SEC Files Another Suspicious Trading Case

The SEC filed its third “suspicious trading” case this year as last week drew to a close. SEC v. One or More Unknown Traders, Civil Action No. 17 CV 2659 (S.D.N.Y. Filed April 13, 2017). As with its earlier suspicious trading cases, the identity of the traders is not known. Whether the traders actually had inside information is not known. Also not known is how the traders would have acquired inside information. What is known is that the traders (it is assumed there is more than one but nobody knows) took large, risky option positions prior to the announcement of a corporate transaction.

Earlier this year the SEC filed a suspicious trading case centered on the acquisition of Mobileye, N.V. by Intel. SEC v. Darvasi, Civil Action No. 17-cv-2088 (S.D.N.Y. Filed March 23, 2017). The month before the Commission filed a similar action centered on the acquisition of Dreamworks by Comcast. SEC v. Yin, Civil Action No. 17 cv 972 (February 10, 2017). The point of these cases is to obtain a freeze over the accounts while the facts are sorted out as was done here. If effective insider trading enforcement, as has been the case in recent years, is supposed to dampen enthusiasm for such transactions, the spur of outsized trading profits seems to have kindled heated interest.

The SEC’s most recent suspicious trading action centers on the acquisition of General Communication, Inc. by Liberty Interactive Corporation, announced on April 4, 2017. General Communications provides residential and business telecommunications services in Alaska. Liberty competes in the video and digital commerce industries.

The trading discussed in the complaint took place through two accounts. One account was in the name of Cedrus Invest Bank SAL, Beirut, Lebanon. Trades were placed in the bank’s master account at Interactive Brokers, Inc. in the U.S. The master account had subaccounts. The other account was in the name of Nomura Securities plc, a UK based subsidiary of Nomura Europe Holdings plc. Nomura UK has a trading account at Nomura Securities International, Inc., in New York City.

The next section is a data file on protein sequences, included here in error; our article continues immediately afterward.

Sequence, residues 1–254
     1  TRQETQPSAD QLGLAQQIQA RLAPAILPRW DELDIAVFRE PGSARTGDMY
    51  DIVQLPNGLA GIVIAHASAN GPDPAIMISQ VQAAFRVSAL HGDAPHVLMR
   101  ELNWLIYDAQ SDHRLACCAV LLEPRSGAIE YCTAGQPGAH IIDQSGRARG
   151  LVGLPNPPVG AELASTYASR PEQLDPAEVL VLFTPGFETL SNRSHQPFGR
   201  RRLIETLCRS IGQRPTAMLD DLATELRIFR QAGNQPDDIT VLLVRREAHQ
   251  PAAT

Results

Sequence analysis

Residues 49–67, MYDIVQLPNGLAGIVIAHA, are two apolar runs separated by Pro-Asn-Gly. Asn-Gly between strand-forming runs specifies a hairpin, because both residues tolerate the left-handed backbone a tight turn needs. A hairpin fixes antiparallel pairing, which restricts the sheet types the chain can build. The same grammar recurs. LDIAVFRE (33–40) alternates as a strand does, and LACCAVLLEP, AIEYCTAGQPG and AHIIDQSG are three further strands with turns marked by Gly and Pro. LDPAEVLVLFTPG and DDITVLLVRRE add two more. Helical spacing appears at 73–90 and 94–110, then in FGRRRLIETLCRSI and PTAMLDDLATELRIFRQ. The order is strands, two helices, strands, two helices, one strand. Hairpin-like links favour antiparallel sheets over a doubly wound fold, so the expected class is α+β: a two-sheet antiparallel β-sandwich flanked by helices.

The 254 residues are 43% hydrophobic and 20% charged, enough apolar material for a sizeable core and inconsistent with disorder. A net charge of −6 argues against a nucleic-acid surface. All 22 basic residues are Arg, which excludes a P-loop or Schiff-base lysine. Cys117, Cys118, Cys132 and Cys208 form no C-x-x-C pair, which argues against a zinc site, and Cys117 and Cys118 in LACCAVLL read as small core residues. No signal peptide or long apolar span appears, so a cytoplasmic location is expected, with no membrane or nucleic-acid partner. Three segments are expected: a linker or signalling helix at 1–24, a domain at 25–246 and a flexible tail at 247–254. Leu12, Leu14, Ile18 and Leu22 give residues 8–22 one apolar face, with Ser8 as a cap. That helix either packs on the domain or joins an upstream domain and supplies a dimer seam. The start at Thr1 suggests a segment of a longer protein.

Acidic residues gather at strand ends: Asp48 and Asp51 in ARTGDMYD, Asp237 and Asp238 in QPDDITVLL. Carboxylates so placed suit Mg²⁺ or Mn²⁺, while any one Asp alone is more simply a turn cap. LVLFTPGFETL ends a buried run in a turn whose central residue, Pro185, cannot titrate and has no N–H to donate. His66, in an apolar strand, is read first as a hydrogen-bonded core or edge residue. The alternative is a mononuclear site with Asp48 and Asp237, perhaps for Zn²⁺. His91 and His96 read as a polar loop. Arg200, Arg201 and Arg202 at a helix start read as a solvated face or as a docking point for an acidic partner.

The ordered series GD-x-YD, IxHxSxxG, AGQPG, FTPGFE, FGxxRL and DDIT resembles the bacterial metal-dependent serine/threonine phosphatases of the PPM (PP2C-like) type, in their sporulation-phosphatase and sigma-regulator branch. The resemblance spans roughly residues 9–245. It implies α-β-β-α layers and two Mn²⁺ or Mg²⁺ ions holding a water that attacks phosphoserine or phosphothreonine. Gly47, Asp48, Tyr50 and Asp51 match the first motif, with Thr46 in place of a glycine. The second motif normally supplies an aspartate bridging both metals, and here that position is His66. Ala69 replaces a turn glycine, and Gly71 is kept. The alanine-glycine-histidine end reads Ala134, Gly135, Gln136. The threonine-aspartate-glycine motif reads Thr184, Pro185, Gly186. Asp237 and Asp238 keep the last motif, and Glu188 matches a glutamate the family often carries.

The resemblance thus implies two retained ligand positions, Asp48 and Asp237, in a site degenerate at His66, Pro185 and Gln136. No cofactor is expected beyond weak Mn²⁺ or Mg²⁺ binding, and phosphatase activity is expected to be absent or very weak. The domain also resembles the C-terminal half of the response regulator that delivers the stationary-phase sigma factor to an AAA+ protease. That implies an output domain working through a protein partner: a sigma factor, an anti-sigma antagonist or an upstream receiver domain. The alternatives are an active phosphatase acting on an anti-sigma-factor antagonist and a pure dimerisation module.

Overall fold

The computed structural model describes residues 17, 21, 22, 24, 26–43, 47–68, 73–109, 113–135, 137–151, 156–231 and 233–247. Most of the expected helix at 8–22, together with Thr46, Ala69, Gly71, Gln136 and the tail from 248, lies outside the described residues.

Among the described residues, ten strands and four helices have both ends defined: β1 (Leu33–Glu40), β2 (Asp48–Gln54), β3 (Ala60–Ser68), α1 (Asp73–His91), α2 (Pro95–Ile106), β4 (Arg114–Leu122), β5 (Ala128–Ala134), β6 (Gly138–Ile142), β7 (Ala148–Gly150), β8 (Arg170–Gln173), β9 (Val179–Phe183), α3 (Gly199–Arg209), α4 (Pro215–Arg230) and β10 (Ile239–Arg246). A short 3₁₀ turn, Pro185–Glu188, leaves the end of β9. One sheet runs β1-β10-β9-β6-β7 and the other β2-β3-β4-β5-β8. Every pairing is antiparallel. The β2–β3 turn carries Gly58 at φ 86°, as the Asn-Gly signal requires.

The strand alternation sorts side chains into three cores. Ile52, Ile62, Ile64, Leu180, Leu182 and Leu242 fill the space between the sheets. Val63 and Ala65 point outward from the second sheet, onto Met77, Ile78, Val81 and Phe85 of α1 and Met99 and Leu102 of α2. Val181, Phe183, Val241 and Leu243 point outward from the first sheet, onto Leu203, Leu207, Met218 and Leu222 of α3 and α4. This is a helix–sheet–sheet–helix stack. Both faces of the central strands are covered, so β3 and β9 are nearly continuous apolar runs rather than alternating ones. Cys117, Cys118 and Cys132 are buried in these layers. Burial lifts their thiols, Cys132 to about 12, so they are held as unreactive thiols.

Liberty approached General Communication on December 2, 2016 about a deal in which the firm would be acquired. Several days later a non-disclosure agreement was executed. By January 21, 2017 a written proposed for a business combination was delivered to General Communication.

Between the time of the initial proposal and the April 4 announcement date the deal progressed toward conclusion:

  • On February 9, 2017 the General Communication board considered the proposal;
  • A special committee was established by General Communication on March 3, 2017 with the charge to consider and negotiate a deal;
  • The special committee retained Lazard Freres & Co. as financial advisors on March 11, 2017;
  • Moody’s and S&P were informed about aspects of the proposed deal on March 31, 2017; and
  • Lazard made a fairness presentation to the General Communication special committee on April 3, 2017.

All of the trading through the Cedrus and Nomura accounts was in options. A table of the trades shows five purchases were through the Nomura account and three through the Cedrus account shortly before the deal announcement:

  • Trade one: Cedrus on March 20;
  • Trades two and three: Both through Nomura on March 22;
  • Trade four: Cedrus on March 23;
  • Trade five: Cedrus on March 29;
  • Trade six: Nomura on March 30;
  • Trades seven and eight: Both through Nomura on March 31.

The Nomura account purchased a total of 753 options at a cost of $21,434 while the Cedrus account acquired 540 option contracts at a cost of $26,675. All of the options purchased were out of the money. The option purchases represented a significant amount of the volume in those options. Neither account was hedged. Between October 1, 2016 and March 19, 2017, neither account purchased General Communication options.

When the deal was announced the share price rose 62.4% compared to the prior day’s close. The initial investment in the two accounts, which totaled $48,109, was worth over $1 million. The complaint alleges violations of Exchange Act Section 10(b). The case is pending.